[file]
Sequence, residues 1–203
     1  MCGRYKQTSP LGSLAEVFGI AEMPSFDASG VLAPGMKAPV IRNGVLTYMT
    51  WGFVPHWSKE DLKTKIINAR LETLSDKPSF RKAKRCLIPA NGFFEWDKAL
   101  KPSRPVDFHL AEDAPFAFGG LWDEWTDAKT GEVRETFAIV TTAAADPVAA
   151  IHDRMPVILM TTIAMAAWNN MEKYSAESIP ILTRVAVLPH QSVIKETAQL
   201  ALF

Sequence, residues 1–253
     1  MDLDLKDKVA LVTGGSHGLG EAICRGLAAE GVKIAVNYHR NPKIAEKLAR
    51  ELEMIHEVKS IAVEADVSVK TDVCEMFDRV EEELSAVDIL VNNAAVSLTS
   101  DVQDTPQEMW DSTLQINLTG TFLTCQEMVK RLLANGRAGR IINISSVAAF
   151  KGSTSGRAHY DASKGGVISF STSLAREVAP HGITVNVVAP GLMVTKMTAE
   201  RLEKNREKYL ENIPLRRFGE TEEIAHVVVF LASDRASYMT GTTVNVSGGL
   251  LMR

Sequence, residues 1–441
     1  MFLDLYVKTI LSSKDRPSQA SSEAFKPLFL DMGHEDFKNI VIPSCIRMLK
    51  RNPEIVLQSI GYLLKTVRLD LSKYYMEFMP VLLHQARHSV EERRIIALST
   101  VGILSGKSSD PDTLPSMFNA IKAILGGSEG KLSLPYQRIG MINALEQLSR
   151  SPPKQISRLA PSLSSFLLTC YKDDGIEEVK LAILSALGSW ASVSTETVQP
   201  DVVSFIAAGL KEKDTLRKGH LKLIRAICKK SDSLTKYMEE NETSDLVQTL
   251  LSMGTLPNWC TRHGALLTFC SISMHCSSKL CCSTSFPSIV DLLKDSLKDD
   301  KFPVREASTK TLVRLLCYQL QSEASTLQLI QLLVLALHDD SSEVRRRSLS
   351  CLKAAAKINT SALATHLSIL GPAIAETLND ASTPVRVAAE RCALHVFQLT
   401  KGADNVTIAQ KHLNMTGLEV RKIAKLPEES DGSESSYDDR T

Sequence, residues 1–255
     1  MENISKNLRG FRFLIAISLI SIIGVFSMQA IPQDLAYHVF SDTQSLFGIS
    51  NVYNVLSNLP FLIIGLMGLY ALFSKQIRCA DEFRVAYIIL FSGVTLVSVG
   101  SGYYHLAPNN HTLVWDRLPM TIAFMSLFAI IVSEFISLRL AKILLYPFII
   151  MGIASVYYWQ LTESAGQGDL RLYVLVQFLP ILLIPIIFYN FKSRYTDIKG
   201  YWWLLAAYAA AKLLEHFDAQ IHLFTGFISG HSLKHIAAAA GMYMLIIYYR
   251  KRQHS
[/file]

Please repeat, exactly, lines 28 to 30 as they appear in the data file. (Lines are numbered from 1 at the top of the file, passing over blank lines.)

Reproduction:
   151  MGIASVYYWQ LTESAGQGDL RLYVLVQFLP ILLIPIIFYN FKSRYTDIKG
   201  YWWLLAAYAA AKLLEHFDAQ IHLFTGFISG HSLKHIAAAA GMYMLIIYYR
   251  KRQHS